The issue: As news and technology continue to evolve, media organizations and scholars are curious how these changes affect how people use and access news. A new study compares new consumption by adolescents and their parents.
An academic study worth reading: “Do Parents Still Model News Consumption? Socializing News Use Among Adolescents in a Multi-Device World,” published in New Media & Society, 2017.
About the study: Stephanie Edgerly, an assistant professor at Northwestern University, leads a study of how children ages 12 to 17 years learn to become consumers of news. Edgerly and her colleagues examine whether kids’ demographics influence how they use news. They also look at how parents model news consumption on different media devices and the role that children’s peers and schools play in promoting news consumption.
The authors analyzed data collected through a national online survey conducted by Ipsos, a market and opinion research firm, between August 12, 2014, and September 20, 2014. The study sample is 1,505 parent-child pairs. The average parent age is 45 years while the average child age is 15.
- Children’s demographics – except for their age – do not appear to have a major effect on their news habits. Younger kids watch more news on TV while older youth consume more mobile news.
- Children’s TV news consumption tends to mirror their parents’.
- Both parents and adolescents were most likely to get their news via their computers and televisions. They were least likely to get it from mobile phones or tablets.
- Children are more likely to follow their parents’ actions than words. Kids’ news habits do not seem to be influenced by parents verbally encouraging them to follow the news.
- School curriculum and peers play a role in how kids form news habits. There is a link between children talking about news with friends and using a tablet to access news. Civic education programs appear to prompt children to consume news on TV, computers, mobile phones and tablets.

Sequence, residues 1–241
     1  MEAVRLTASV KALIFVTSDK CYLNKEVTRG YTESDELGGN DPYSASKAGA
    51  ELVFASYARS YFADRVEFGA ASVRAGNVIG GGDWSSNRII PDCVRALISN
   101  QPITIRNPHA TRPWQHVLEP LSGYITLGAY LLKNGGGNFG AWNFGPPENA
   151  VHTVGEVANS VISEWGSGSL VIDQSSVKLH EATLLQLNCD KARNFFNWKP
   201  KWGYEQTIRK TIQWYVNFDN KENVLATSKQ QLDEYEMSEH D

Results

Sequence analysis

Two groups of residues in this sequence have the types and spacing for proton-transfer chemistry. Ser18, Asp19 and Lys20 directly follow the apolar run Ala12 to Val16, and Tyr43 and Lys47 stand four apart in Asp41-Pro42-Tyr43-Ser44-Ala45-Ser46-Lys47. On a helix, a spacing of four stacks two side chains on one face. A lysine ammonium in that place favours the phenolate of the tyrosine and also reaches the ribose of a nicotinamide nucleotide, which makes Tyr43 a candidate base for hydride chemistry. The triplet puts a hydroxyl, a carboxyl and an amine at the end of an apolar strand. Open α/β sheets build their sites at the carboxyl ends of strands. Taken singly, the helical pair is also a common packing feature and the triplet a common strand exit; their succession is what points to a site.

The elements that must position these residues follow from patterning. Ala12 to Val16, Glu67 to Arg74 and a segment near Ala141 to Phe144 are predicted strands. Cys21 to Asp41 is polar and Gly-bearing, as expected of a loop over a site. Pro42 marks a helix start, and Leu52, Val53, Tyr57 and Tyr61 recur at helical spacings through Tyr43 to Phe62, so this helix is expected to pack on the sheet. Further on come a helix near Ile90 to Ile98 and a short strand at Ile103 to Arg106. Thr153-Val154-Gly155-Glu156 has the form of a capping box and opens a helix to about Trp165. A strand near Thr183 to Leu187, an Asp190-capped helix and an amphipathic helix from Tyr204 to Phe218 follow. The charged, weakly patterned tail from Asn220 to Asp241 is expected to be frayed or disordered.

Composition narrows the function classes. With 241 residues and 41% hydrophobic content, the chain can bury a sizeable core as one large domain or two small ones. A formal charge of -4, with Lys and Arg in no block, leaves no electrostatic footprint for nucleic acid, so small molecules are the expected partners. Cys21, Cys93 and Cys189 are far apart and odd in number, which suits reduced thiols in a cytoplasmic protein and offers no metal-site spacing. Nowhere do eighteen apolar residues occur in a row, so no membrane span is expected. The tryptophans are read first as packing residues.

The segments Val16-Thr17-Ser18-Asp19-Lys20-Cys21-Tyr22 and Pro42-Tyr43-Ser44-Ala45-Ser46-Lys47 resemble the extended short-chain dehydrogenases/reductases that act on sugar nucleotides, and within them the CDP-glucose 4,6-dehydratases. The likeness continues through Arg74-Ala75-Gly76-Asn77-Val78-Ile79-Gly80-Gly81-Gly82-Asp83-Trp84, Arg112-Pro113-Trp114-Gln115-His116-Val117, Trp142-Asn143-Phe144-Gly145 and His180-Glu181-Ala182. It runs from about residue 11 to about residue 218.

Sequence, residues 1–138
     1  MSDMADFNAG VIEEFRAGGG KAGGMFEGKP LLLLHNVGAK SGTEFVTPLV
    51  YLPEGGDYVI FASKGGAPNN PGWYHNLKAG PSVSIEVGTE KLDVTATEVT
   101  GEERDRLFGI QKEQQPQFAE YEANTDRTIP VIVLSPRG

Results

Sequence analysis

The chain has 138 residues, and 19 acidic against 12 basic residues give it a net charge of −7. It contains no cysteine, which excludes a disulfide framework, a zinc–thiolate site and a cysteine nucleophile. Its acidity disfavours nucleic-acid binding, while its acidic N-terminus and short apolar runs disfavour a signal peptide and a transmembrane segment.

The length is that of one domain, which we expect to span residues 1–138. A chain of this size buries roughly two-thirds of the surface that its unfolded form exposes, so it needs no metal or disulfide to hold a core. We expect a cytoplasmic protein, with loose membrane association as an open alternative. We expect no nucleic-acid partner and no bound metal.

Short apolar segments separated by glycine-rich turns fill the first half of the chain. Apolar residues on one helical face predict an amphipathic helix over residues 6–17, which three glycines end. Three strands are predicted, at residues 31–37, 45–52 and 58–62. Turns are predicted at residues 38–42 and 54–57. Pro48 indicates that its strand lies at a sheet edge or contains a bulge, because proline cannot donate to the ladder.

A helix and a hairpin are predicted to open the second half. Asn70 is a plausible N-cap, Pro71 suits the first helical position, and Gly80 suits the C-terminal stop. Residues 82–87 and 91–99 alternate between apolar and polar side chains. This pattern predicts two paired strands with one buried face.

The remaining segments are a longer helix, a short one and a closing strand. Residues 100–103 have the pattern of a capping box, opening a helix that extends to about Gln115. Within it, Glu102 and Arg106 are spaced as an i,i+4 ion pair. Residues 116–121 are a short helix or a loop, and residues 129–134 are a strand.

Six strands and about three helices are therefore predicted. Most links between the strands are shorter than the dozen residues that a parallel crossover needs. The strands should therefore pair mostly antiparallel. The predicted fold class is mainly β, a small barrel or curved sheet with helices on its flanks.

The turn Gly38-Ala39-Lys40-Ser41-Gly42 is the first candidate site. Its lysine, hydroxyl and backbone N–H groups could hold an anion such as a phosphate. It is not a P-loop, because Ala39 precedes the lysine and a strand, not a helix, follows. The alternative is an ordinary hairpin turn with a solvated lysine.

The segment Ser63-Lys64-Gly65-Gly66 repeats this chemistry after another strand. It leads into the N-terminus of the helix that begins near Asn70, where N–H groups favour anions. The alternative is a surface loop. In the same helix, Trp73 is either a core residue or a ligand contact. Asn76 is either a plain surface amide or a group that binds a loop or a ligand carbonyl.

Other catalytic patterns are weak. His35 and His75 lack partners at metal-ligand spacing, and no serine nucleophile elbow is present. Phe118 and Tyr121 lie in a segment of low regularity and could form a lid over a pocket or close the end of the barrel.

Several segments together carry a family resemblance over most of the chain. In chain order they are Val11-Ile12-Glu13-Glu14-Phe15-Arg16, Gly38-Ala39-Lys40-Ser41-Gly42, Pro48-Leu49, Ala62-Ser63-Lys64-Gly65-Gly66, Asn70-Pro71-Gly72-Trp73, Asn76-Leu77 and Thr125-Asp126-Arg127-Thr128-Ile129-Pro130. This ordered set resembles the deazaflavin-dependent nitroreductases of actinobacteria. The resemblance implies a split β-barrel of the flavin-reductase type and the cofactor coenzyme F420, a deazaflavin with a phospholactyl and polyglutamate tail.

- “Ultimately, this study represents an important step in understanding the complicated processes whereby children become socialized into the habits of news consumption in the modern media environment. It is notable that despite the fundamental changes in media, technology, and news over the past two decades, parents are still at the core of developing news interest and patterns of consumption.”
- A 2017 report from Pew Research Center looks at mobile news habits. In 2017, according to the report, 85 percent of adults get their news through mobile devices — up from 54 percent in 2013.
- A 2016 report from the Stanford History Education Group indicates youth have difficulty gauging the credibility of online information.
- A 2015 study published in Journalism & Mass Communication Quarterly, “Youth Antecedents to News Media Consumption: Parent and Youth Newspaper Use, News Discussion, and Long-Term News Behavior,” suggests that parents who frequently read the newspaper tend to have children who grow up to be frequent consumers of news.
- A 2014 study in Computers in Human Behavior, “Media and Technology Use Predicts Ill-Being Among Children, Preteens and Teenagers Independent of the Negative Health Impacts of Exercise and Eating Habits,” indicates that “regardless of the demographic makeup of either the parent or the child, the child’s eating habits, or the child’s lack of physical activity, the use of technology may be a potential cause of poorer health whether that is defined as psychological issues, behavior problems, attention problems, or physical problems.”